”A letter had been written to the Lieut.Colonel H.K.Gordon, who had endeavoured to interest the King in the blunder of the condemned machines”
The main focus of Mabel’s autobiography is to tell the reader what happened in the munition’s factory when the condemned ‘monkey machine’ exploded and she suffered catastrophic injuries. The memoir is dedicated to her mother (see Purpose and Audience) with much of the content expressing her apologies for transgressing class boundaries. In becoming a member of the working classes, through her memoir, Mabel raises awareness of political issues within the workplace.
The first mention of political disharmony at Hayes Munitions Factory centres on the productivity bonus scheme. Dependant on how many shells were produced, the workers received a bonus. Through re imagined dialogue Mabel evokes a situation and potential cause for the explosion which left her maimed. In a chapter entitled ‘The Danger Zone’ (p.61) Mabel explains the size and capacity of the factory ‘ten thousand women and over 2,000 men were employed’ (p.62).She also explains how the shells were made and that the monkey machines, the workers were employed to operate, had been condemned by the Ministry of Munitions. Subsequent to the accident letters came pouring in including one from Buckingham palace and some from the boys at the front ‘A few lines of appreciation for your gallant work from the boys in the front line trenches’ (p.101)
From her hospital bed Mabel tried to find out what had happened and what had become of her co workers but ‘Hayes kept a stony silence’ (p.103). Mabel had only worked at Hayes for nine days when the explosion happened. In honour of her service she received a munition worker’s badge usually reserved for worker’s after a three months stint.
For courage and high example shown, Mabel was honoured with the medal of the Order of the British Empire and was featured in the The Times newspaper dated January 1st 1918. There is no mention of how she felt but throughout her life she used her title of Mabel Lethbridge O.B.E on correspondence, articles and her two subsequent memoirs.
A source of contention for Mabel and perhaps a political statement ‘I was not entitled to a pension, and the maximum amount payable under the Workmen’s Compensation Act was £1 a week’ (p.105). Mabel’s mother intervened and was told that she was lucky to receive anything because she was under age and shouldn’t have been working at the factory until she was eighteen years old. During World War 1, doors were opened to large numbers of women who were recruited into jobs vacated by men gone to fight in the war. Mabel had lied about her age when she took the job and was to suffer financially as well as physically.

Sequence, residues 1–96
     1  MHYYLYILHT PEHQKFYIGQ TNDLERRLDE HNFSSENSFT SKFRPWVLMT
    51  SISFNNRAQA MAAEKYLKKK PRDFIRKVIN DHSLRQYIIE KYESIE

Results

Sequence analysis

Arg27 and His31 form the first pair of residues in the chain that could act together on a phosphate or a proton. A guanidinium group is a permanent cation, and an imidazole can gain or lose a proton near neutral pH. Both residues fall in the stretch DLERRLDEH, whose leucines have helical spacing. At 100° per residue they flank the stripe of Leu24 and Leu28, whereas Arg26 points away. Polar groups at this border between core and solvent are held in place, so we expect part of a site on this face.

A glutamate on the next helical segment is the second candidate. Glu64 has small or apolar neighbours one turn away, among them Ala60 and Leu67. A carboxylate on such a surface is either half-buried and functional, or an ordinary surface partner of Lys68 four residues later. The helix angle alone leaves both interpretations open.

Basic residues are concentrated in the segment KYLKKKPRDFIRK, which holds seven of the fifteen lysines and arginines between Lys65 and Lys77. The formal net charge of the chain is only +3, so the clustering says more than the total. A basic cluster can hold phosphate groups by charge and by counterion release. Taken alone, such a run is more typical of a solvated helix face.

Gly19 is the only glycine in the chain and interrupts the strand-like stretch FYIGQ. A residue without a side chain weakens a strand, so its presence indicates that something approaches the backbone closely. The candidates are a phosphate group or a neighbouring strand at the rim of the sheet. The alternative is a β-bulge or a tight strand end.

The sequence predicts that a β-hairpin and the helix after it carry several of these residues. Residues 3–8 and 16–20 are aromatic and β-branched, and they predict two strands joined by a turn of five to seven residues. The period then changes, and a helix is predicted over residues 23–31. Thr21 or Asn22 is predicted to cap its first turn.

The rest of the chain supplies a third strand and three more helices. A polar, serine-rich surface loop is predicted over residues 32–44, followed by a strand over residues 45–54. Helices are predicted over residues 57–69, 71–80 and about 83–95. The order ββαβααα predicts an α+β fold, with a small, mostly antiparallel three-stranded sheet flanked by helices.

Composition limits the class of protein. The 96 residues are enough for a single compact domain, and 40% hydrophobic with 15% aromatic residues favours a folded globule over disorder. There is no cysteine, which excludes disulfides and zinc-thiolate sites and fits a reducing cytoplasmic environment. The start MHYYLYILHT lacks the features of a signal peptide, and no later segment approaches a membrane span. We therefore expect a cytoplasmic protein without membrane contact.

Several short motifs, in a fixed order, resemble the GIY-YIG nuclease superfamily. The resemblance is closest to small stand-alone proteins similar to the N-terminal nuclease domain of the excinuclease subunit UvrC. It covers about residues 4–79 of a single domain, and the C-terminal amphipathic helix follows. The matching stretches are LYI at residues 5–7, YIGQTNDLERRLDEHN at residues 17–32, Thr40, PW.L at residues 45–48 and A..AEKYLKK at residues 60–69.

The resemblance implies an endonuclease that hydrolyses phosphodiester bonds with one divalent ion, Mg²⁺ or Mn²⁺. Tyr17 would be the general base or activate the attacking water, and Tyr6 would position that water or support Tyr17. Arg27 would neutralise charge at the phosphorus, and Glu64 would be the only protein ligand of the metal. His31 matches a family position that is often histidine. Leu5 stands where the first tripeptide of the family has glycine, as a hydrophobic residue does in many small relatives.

Mabel started work at the Ministry of Pensions but because of her poor living conditions in a hostel she caught a chill and was unable to work. The Ministry paid sick leave for a short period before deciding Mabel was unfit to work and ‘were unable to keep my position vacant’(p.132). Mabel writes of her fear and how she pleaded with the doctor to sign her fit, he refused which lead to her living on the streets. Such is the situation of many war and service veterans today who struggle financially and emotionally to cope. On December 28th 1920 the Daily Mirror ran an article to raise political awareness on the treatment of Mabel:
” she is in receipt of twenty-eight shillings a week compensation and is trying to save herself from starvation by letting out camp stools”
Mabel and Daddy who was also employed and had served his country are representations of what happened to some people in post war Britain. They were forced to go busking on the streets of London and beg for handouts and money to survive. Mabel does not make this an issue, in fact she writes with humour and positivity but the hidden message tells the reader that life in 1920s Britain was hard for ex-service men and women.
Mabel could have returned to her middle-class home but instead she chose poverty and living on London’s Embankment. Her need to be amongst the working classes and her determination to be with Daddy, overshadowed her class status. Nan Hackett writes that Auto biographers continued to identify as working class, even if they left manual labour to become writers, trade union leaders, Members of Parliament etc (Hackett. p.209). Mabel did go on to become a prolific writer with many articles written in newspapers to her credit.
I include the following observation as possible reasons for Mabel to write Fortune Grass. As well as explaining her self to her mother Mabel may have been writing a political message in protest of the treatment of service personnel.
Regenia Gagnier tells us that the auto biographer insisted upon their own histories, however difficult it was to write them, and they unanimously state that their reasons for writing are functional rather than aesthetic: to record lost experiences for future generations; to raise money; to warn others; to teach others; to relieve or amuse themselves; to understand themselves’ (Gagnier p.342)
Hackett, Nan. ‘A Different Form of “Self”: Narrative Style in British Nineteenth-Century Working-class Autobiography’. 12.3 (1989): 208-226, 210)
Lethbridge, Mabel. Fortune Grass, Burnett Archive of Working Class Autobiographies, University of Brunel Library, Special Collection Library, Vol.4
Regenia Gagnier Social Atoms: Working-Class Autobiography, Subjectivity, and Gender Author(s): Source: Victorian Studies, Vol. 30, No. 3 (Spring, 1987), pp. 335-363 Published by: Indiana University Press Stable URL: https://www.jstor.org/stable/3828397 Accessed: 28-02-2019 10:33 UTC